Video report by Jim Altman, Fox CT
Text by Christopher Hoffman, Hartford Courant
WETHERSFIELD — The Wethersfield Historical Society will rededicate and reopen the Cove Warehouse Museum Saturday, four months after the historic building was broken into and vandalized.
The ceremony, set for 2 p.m., will mark the 80th anniversary of the 17thcentury warehouse’s original dedication as a historic structure. Revolutionary War re-enactors and a bateau, a small early colonial trading vessel, will be on hand for the event.
Historical society Executive Director Amy Northrop Wittorff thanked people and organizations that donated items to replace artifacts stolen in the January break-in.
Mystic Seaport‘s cooper and Gouveia Vineyards of Wallingford donated wooden barrels to replace those lost in the theft, while local collectors replaced other items, she said.
The society also used a grant from CT Humanities to help fix broken windows, replace explanatory panels taken by the thieves and make other repairs, Wittorff said. Renovations had been planned anyway, she said.
“It was on our list to freshen up,” she said. “Due to the fact that it was broken into and vandalized, we moved it to the front of the line. It has made it such a special thing that there was so much community involvement in it.”
The warehouse, which sits in Cove Park at the end of Main Street, was closed for the season when the break-in occurred in January.
Police Chief James Cetran said Monday that no arrests have been made, but the crime remains under investigation.
Cove Warehouse was built in about 1680, Wittorff said. It was one of six warehouses constructed along the Connecticut River to serve the town’s booming maritime trade, especially in red onions, with the West Indies, she said.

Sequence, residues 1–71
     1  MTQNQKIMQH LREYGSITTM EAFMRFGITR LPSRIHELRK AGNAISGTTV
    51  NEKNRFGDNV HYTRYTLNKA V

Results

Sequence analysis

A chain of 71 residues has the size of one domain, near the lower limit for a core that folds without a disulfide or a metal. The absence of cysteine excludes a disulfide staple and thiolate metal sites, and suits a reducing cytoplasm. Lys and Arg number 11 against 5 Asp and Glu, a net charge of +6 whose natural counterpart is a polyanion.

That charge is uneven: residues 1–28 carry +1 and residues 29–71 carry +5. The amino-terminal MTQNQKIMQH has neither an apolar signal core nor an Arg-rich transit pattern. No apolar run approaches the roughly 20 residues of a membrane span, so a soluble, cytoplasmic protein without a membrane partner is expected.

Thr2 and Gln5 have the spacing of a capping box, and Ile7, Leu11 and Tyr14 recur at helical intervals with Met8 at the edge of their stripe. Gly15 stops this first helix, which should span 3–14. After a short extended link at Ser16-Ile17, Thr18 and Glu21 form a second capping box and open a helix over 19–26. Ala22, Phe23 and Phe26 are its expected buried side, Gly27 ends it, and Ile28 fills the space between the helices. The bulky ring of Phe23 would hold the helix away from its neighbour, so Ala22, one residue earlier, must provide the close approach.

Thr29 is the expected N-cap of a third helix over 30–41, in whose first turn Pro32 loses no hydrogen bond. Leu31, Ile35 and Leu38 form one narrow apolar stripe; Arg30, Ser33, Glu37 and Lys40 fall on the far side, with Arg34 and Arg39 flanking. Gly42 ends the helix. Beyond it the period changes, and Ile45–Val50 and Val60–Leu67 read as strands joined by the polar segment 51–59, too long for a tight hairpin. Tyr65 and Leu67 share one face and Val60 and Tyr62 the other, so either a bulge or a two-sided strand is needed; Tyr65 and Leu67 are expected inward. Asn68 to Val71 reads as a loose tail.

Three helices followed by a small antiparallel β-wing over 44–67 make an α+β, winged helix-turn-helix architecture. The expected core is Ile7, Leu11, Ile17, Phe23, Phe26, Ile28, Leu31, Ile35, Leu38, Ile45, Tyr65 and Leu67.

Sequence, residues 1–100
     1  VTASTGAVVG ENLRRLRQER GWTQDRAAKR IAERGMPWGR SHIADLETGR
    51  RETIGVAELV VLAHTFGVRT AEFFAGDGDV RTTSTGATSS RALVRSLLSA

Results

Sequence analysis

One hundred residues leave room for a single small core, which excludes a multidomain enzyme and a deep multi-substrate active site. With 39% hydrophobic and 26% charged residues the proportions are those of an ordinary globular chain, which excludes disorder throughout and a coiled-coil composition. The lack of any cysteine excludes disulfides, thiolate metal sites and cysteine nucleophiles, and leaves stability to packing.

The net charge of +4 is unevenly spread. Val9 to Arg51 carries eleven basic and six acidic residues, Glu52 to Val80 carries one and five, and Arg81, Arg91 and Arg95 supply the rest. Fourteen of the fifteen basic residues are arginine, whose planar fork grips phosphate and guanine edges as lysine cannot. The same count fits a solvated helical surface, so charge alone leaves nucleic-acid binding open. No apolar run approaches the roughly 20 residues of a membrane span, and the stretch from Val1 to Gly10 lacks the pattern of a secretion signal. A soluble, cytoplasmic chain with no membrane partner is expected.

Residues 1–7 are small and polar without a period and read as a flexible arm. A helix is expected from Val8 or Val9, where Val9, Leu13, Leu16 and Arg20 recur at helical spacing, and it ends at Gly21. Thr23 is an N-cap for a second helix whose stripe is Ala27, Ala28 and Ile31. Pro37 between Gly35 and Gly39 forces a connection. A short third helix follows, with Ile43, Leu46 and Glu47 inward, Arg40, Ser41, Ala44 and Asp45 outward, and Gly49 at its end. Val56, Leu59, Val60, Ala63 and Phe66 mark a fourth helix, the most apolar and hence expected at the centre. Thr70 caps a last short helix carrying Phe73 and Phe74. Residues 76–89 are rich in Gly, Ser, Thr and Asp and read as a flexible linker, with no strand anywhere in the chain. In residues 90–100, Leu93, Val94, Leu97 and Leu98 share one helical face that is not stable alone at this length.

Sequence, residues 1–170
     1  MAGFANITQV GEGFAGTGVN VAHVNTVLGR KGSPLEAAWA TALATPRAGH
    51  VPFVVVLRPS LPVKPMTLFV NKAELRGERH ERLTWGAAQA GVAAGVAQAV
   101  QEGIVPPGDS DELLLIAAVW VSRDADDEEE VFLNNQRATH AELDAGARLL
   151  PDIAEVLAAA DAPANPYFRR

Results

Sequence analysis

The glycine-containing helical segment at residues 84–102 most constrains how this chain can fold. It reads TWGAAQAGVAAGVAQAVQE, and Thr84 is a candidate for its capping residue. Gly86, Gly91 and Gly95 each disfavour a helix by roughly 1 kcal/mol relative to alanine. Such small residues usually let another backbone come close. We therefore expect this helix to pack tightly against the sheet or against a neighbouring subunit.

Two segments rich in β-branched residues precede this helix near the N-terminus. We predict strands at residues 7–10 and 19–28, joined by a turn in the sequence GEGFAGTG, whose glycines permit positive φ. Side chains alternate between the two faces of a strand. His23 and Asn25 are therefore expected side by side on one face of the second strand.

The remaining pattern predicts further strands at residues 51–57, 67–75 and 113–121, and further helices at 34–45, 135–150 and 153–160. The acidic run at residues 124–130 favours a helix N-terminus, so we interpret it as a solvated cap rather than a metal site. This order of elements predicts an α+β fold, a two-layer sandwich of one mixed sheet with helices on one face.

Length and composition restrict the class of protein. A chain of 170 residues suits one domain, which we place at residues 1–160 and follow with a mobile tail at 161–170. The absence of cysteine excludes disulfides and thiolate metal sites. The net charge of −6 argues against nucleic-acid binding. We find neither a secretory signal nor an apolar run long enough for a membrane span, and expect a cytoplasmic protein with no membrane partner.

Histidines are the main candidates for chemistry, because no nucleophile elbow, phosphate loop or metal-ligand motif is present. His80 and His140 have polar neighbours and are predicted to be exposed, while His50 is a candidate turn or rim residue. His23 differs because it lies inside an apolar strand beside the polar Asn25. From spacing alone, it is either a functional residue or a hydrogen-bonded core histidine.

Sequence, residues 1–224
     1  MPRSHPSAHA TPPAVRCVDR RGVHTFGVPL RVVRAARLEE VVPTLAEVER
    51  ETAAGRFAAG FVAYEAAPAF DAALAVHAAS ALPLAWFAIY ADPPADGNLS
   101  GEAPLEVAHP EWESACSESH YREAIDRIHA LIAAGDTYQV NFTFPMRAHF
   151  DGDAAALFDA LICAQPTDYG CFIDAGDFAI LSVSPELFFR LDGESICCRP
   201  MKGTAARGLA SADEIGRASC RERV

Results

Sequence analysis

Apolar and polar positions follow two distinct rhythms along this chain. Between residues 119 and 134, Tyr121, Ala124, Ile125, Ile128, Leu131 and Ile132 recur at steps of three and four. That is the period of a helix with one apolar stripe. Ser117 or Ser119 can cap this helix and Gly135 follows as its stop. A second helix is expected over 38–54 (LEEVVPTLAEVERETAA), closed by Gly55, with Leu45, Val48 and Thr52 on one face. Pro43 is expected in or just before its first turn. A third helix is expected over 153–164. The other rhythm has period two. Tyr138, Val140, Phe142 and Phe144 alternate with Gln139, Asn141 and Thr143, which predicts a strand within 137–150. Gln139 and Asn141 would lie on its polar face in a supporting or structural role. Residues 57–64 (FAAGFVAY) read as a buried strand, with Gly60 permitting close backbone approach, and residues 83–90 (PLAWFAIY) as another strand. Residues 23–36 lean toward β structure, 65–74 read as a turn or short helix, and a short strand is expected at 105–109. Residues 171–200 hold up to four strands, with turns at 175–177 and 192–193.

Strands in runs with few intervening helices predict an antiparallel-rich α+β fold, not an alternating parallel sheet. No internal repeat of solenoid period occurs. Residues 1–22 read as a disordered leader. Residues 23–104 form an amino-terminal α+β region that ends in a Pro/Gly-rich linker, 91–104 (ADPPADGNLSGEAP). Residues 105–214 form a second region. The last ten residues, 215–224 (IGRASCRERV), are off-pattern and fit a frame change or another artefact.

A big flood at the end of 17th century reconfigured the river and destroyed all the warehouses except one, Wittorff said. The surviving structure was moved to behind a house on Main Street, where it served as a barn for the next 200-plus years, she said.
“Yankees never waste a thing,” she said.
Residents realized the warehouse’s historical significance in the early 20th century. In 1928, the family that owned structure donated it to the town, Wittorff said. It was then moved to its current location in Cove Park, fixed up and dedicated in 1934 as part of the town’s 300th anniversary celebrations, she said.
Coincidentally, Saturday’s rededication will take place 80 years to the day after the original dedication, Wittorff said.
“It just worked out that way nicely,” she said.
The town owns Cove Warehouse, which is at the center of the town seal, but leases it to the historical society for a rope of red onions. Wittorff said she expects to present town officials with the yearly red onion rent at the ceremony Saturday.
The Cove Warehouse Museum will be open 1 to 4 p.m. Saturdays and Sundays through Oct. 8. Admission is free. For more information, click here to visit the Wethersfield Historical Society website.